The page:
In high school, our varsity football coach would routinely present opponents' game films to the math department, who would calculate probabilities on the types of plays that the teams would run in certain situations. In one game, the plan backfired like a baked potato wedged in an exhaust pipe as we found ourselves on the short end of a four-touchdown shellacking - on Homecoming Weekend. When asked afterwards what went wrong, the coach shrugged sheepishly, and replied, "On paper it looked like it would work."Fast forward to last month, when the Treasury's Advisory Committee on the Auditing Profession approved and adopted a final report with a series of cogent recommendations on how to improve the sustainability of the audit profession.
At least on paper.
The recommendations focused on three specific areas: improving accounting education and strengthening human capital; enhancing auditing firm governance, transparency, responsibility, communications and audit quality; and increasing audit market competition and auditor choice.
After poring over the bullet points, the suggestions appeared to me, at least, to be more common sense than strategies that could only be divined through, say, a 30-year career in auditing.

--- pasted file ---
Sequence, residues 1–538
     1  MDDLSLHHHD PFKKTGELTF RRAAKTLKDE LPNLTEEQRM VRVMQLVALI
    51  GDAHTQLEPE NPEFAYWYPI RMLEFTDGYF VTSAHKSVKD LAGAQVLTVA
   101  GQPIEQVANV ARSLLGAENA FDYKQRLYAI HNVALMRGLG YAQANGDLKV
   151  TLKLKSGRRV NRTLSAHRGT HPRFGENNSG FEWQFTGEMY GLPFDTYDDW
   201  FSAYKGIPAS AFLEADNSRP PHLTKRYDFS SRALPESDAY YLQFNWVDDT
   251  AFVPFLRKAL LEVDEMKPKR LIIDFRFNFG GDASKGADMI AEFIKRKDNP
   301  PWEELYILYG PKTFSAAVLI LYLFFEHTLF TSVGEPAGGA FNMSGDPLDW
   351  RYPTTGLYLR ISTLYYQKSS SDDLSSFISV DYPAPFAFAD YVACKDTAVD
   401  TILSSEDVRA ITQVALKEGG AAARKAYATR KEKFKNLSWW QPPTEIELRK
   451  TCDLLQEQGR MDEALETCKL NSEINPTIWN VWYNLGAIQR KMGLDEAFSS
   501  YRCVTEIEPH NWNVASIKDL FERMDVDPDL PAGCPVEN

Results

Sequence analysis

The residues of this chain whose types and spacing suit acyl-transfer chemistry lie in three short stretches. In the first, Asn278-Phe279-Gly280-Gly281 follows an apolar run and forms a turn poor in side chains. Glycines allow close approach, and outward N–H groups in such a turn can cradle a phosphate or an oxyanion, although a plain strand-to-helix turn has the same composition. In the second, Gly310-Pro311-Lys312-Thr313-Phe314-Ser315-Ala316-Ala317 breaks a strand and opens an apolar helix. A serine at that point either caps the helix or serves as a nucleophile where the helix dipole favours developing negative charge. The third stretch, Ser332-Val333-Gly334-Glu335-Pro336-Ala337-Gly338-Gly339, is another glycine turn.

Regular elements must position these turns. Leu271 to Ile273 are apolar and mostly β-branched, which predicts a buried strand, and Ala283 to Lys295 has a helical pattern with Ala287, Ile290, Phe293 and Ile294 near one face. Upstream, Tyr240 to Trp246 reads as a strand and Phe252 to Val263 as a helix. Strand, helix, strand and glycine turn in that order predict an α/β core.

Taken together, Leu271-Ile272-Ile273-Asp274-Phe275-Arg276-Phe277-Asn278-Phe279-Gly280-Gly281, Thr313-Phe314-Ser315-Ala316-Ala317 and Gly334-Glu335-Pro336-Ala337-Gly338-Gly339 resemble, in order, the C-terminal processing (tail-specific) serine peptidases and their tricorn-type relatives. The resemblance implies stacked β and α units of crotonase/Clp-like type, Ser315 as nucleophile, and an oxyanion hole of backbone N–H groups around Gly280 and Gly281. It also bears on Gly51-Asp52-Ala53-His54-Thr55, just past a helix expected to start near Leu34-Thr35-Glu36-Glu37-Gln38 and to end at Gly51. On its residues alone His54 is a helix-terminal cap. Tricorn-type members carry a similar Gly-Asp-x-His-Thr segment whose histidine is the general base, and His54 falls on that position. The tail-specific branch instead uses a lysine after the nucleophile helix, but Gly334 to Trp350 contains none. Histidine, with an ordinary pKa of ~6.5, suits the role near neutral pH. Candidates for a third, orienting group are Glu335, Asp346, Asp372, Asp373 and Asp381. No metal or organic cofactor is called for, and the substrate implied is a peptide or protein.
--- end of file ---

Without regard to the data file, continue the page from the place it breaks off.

But as I've said in this space several times before, this is not your father's audit firm. The profession's landscape has changed and will continue to evolve - and not just as a result of the past accounting scandals or tighter regulations. The demographics are different, as are career goals and challenges.
Which is no doubt why the committee dedicated a sizeable portion of the report to accounting education and recruitment, including a push to gain more minority representation. Again, on paper it sounds like a no-brainer, but if statistics are any indication, some progress has been made, but there's still a ways to go.
The committee also called for a study of the future of accounting education to deal with the changes in financial reporting and auditing. The key word here in my opinion is "study." "Study" in Washington parlance is a euphemism for "time," and sadly, with the inevitability of convergence with International Reporting Financial Standards, the profession doesn't have a lot of that in reserve.
The U.S. college accounting curriculum has to begin preparing to train students in IFRS, and recent studies have shown that shockingly few schools have taken that initiative. If the CPA credential is going to compete seriously on a global level in a post-convergence world, work has to begin now.
That segues into a bigger problem - ensuring an adequate supply of accounting faculty, particularly Ph.Ds. No matter how that's accomplished, it's an inarguable reality that it must be addressed.
On paper, the recommendations to hone the audit profession seem sound. But as my coach and our team painfully discovered, everyone has a plan on paper until they get hit.
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